Toppling water tank a first, longtime installer says
BY MARK BROWN email@example.com July 31, 2013 8:58PM
A water tower fell from a building in the 2800 block of North Pine Grove Avenue injuring three people in Lakeview on Wednesday, July 31, 2013. | Alex Wroblewski~Sun-Times ORG XMIT: CST1307311350375521
Updated: September 3, 2013 7:16AM
Nobody in Chicago knows more about rooftop water tanks than Ronald Carlson, whose family has been in the business of installing and repairing them for 120 years — a field it has had to itself since 1965.
During his time, the 69-year-old Carlson has seen the wooden tanks dry up and rot. He’s seen them list to the side. He’s seen building owners disappear unwanted tanks practically overnight despite a city ordinance intended to preserve them.
But he’d never seen what happened Wednesday.
“This is the first time in all our years I’ve heard of one falling like this,” said Carlson, still digesting reports about a tank that toppled from 2800 N. Pine Grove and injured three people, one critically.
For Carlson, it’s more than a curiosity viewed from afar.
Back in 1984, his company, Johnson & Carlson Tank Sales and Service, installed the tank that fell, replacing a previous tank the company may or may not have installed. Even his extensive records don’t go back to the construction of the 2800 N. Pine Grove building in 1893, although his great-grandfather had been in business 10 years by then.
Carlson said the building’s management contacted him two years ago about repainting the tank in response to an inspection. He said he submitted a quote but never heard back. City officials said Wednesday the tank had been repainted as ordered.
Carlson read to me from a structural engineer’s report, provided to him by the building, which found no serious structural concerns with the tank at that time. The cause of the accident has not been determined.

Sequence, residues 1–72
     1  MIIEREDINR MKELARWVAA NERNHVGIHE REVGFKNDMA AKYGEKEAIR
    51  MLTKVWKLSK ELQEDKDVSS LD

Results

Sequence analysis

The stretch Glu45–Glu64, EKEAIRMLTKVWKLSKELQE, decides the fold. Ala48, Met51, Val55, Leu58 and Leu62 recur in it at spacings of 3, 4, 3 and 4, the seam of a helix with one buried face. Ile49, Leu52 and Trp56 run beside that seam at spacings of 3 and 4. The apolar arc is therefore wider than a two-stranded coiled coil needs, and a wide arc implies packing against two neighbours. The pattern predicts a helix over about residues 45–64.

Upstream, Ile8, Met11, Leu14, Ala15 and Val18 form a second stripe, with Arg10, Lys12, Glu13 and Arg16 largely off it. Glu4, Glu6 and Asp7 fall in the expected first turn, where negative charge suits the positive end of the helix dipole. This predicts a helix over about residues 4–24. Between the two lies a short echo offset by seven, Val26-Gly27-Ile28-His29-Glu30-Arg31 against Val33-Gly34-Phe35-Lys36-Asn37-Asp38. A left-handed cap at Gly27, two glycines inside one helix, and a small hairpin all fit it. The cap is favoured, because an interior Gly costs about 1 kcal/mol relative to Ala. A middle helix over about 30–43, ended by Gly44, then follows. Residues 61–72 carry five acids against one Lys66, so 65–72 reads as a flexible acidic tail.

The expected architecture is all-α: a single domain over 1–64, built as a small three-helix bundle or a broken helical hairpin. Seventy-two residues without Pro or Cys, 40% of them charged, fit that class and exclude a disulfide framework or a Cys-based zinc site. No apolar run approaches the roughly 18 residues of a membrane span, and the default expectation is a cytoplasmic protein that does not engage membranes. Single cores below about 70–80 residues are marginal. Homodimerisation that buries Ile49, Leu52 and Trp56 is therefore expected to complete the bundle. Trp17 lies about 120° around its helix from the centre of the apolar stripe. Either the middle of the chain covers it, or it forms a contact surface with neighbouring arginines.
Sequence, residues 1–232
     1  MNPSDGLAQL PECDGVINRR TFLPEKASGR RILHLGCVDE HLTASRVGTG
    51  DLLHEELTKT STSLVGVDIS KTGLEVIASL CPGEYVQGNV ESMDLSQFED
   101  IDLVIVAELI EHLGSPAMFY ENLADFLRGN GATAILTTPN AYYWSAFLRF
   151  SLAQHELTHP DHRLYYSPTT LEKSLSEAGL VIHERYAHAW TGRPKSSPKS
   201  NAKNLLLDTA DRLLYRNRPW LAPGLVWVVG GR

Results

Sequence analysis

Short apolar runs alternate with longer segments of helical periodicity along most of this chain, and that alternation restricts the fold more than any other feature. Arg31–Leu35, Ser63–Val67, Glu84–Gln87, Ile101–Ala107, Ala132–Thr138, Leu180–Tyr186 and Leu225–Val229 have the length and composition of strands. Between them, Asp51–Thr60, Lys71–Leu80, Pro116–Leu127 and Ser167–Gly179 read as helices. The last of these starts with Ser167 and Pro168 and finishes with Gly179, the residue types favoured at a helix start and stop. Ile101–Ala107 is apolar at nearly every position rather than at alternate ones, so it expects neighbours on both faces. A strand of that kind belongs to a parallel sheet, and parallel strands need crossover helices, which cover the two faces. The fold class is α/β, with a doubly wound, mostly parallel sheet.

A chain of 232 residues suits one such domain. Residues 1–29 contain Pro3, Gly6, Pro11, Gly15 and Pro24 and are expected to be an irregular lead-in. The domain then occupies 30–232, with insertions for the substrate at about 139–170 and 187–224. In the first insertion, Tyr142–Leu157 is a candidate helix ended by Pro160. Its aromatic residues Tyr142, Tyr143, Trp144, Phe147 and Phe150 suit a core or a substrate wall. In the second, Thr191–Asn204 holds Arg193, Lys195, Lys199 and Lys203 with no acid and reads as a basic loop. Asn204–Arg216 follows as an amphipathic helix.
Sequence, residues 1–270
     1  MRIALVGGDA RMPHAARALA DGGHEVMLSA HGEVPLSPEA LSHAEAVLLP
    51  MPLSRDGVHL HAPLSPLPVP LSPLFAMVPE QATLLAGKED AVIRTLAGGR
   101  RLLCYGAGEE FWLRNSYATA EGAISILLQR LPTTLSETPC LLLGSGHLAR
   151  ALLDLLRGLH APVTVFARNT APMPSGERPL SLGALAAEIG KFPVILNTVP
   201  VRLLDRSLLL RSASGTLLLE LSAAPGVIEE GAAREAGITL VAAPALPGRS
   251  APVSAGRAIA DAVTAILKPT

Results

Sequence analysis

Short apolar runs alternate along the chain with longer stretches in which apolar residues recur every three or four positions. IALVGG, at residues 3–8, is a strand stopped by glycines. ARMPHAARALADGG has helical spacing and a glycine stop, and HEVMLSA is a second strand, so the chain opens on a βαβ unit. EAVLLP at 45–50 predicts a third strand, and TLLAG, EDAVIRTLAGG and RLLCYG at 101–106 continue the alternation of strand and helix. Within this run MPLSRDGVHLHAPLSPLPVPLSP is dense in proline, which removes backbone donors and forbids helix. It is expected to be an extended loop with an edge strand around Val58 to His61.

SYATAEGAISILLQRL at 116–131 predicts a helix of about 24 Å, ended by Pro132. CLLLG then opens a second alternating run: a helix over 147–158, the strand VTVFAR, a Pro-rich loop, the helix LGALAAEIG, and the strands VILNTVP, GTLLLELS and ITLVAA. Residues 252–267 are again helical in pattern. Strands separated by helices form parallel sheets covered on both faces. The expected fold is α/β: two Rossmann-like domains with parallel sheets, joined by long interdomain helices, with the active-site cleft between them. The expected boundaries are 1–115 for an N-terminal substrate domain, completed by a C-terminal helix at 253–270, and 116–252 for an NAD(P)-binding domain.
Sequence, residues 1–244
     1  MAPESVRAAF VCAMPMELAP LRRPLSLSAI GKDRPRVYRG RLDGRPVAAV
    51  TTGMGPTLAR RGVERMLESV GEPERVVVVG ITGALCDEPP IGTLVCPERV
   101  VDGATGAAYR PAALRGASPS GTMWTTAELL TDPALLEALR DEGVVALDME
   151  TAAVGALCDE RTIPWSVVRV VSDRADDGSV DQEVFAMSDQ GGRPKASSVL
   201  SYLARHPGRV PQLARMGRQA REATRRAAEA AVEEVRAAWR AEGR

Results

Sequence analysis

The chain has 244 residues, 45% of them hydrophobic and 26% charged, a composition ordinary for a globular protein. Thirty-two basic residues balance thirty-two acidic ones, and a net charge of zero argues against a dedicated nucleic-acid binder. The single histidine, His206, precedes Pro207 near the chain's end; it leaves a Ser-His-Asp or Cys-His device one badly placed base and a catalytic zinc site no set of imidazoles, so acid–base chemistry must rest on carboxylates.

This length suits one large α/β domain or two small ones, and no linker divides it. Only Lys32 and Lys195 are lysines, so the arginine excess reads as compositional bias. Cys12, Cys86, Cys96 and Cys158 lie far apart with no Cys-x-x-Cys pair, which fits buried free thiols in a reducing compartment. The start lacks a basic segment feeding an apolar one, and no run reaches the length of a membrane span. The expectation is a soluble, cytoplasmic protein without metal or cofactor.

I’m forever fascinated by the city’s rooftop tanks, one of which sits just outside my window atop a storage business.
It’s a rusty steel hulk painted with an ad for the storage company. While I could only describe it as butt ugly, it has grown on me over the years — if only as a reminder of a fast-disappearing part of our cityscape.
Former Mayor Richard M. Daley apparently felt that way, too, as he pushed through an ordinance in 2006 declaring the surviving tanks to be historic landmarks.
The city counted 178 tanks that year. Carlson figures there are closer to 150 left. He’s got most of them in a book.
Maybe 85 of those are still in use, primarily as a source of fire protection using gravity to feed water to the buildings’ sprinkler systems, he said. Most buildings now have pumps for that purpose.
The tank at 2800 N. Pine Grove was a little different. Carlson called it a “house tank,” one of a small subset of rooftop tanks helping to supply the building’s water for plumbing purposes. The house tanks help increase the water pressure — just like the big water towers you see in the suburbs.
As rooftop tanks go, the one that fell was on the smaller side at 4,000 gallons compared to a typical 20,000-gallon tank. It was made with 2-inch red cedar, supported by steel bands like a barrel.
Building owners hire Carlson’s company to keep their tanks functional, or if no longer in use, to keep them stable. Many of the tanks serve as billboards.
When tanks are empty, the wood “staves” can dry up and shrink and the steel bands slip. In those instances, Carlson has seen tanks list to the side, but never fall.
Before the city designated water tanks as landmarks, Carlson said his company also performed demolitions. Now he refers anyone with a demolition inquiry to city landmark officials, but he notes that hasn’t kept the tanks from disappearing.
“I can’t say if they went through the proper channels, or they did it on their own. Things like that happen in Chicago,” Carlson noted. A city spokesman said more than 20 building owners indeed have received permission to tear down the tanks.
Mark Bromann, a fire protection specialist with Rally Fire Protection Services in Wheaton, was as shocked as Carlson that the tank fell.
Bromann, a fan of rooftop tanks, said they were typically installed when the buildings were constructed, and planned for accordingly, with all necessary supports to handle the extremely heavy load.
“I wouldn’t think anybody should worry about something like that happening again,” Bromann said.
But people will worry. Comments on the Sun-Times website already are calling for the remaining tanks to be removed.
That doesn’t seem necessary, although there probably will need to be a special round of inspections to make sure.
Just when you think there’s nothing new under the sun, a water tank falls from the sky.